Developing Systems of Trauma-Informed Care

infant hand on blanket

Significant attention is now focused on the impact of early trauma and adversity on the lives of children, following groundbreaking information in the Adverse Childhood Experience Study conducted at Kaiser Permanente in Southern California from 1995 to 1997. Over 17,000 Health Maintenance Organization members from Southern California receiving physical exams completed confidential surveys regarding their childhood experiences and current health status and behaviors. Almost two-thirds of study participants reported at least one ACE, and more than one in five reported three or more ACEs. The ACE score (total sum of the different categories of ACEs) was used to assess cumulative childhood stress. Study findings indicated that as the number of ACEs increase, so do negative health and well-being outcomes across the life span. For more information about the original ACE Study and current work being conducted on ACEs, go to

The National Traumatic Child Stress Network (NCTSN) is funded by the Center for Mental Health Services, Substance Abuse and Mental Health Services Administration, US Department of Health and Human Services and is focused on combining a knowledge of child development, expertise in child traumatic experiences, and dedication to evidence-based practices in order to change outcomes for young children impacted by trauma. For more information about NCTSN, including a brief Public Service Announcement about Child Trauma, go to

In addition, a variety of Trauma-informed Care Toolkits have been developed by multiple organizations and are organized and available through the ACES Connection website at the following link:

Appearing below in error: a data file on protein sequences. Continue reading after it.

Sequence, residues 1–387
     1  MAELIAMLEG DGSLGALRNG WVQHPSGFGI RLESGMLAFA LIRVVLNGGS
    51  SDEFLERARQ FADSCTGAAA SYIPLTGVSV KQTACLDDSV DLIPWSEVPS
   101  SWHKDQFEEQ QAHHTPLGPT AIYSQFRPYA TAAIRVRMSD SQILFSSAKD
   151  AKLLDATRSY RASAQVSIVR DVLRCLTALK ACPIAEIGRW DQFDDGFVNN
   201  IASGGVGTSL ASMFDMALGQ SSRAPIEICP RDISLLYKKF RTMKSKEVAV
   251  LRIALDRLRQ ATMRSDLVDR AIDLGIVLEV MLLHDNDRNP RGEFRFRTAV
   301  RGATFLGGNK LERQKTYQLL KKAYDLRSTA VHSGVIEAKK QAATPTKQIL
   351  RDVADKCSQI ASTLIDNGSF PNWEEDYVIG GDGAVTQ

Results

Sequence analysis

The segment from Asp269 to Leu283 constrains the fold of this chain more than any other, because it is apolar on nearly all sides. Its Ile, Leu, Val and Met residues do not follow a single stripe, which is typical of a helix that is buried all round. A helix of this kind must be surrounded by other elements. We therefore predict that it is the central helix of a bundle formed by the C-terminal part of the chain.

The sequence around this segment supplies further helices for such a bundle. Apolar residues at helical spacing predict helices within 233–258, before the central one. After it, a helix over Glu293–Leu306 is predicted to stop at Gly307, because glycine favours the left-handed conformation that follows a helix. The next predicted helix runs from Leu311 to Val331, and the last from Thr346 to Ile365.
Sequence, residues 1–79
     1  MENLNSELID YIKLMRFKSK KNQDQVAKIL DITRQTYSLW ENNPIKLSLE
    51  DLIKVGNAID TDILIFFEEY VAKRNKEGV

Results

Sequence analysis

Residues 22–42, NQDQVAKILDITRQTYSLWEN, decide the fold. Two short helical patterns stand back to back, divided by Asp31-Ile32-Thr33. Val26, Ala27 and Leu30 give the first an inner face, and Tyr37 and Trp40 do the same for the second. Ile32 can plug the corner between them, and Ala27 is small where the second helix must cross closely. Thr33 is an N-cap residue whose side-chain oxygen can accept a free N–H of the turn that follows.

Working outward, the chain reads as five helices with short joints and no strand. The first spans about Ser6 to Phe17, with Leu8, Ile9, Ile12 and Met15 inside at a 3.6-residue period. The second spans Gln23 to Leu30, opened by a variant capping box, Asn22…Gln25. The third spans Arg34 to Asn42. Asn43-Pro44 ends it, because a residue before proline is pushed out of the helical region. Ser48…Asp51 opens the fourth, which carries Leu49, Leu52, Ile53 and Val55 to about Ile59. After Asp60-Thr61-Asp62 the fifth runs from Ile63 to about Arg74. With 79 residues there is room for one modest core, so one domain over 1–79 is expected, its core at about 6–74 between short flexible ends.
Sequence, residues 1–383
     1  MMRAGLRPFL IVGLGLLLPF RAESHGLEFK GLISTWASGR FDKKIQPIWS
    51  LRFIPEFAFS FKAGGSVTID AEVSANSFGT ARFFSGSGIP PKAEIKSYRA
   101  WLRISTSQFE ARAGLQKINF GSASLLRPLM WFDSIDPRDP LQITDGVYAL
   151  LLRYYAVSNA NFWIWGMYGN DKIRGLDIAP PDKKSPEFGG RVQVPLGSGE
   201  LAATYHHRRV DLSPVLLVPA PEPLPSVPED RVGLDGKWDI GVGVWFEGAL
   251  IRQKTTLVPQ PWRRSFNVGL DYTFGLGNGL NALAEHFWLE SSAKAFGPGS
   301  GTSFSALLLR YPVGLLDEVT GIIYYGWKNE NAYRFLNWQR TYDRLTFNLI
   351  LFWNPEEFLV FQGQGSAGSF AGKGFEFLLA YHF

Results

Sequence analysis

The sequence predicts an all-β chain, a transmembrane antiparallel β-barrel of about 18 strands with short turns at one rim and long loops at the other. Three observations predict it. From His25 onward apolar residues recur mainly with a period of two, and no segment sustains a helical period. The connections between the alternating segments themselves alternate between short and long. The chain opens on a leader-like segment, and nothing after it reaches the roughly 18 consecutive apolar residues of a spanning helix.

Resources to Prevent and Address Trauma

The National Child Traumatic Stress Network (NCTSN) has released their July 2017 eBULLETIN, which includes general information about:


and resources such as:

  • Once I Was Very Very Scared is a story developed by psychologist Chandra Ghosh Ippen and Erich Ippen, Jr. available in English, Spanish, Arabic and Turkish and designed to serve as a population-based intervention as not every child in need has access to a therapist. The story is available in book and in PDF version. PDF versions are free. Practitioners can access and download the stories and additional resources at:
  • New APA Guidelines for Treatment of PTSD approved by the APA Council of Representatives on February 24, 2017. This document may be useful for health care providers and their patients in considering treatment options as well as for policymakers and insurance administrators in making treatment coverage decisions.
  • New Article: Comparing Trauma Exposure, Mental Health Needs, and Service Utilization Across Clinical Samples of Refugee, Immigrant, and US-Origin Children by Theresa S. Betancourt, Elizabeth A. Newnham, Dina Birman, Robert Lee, Heidi Ellis, and Chris Layne. July 2017 Journal of Traumatic Stress.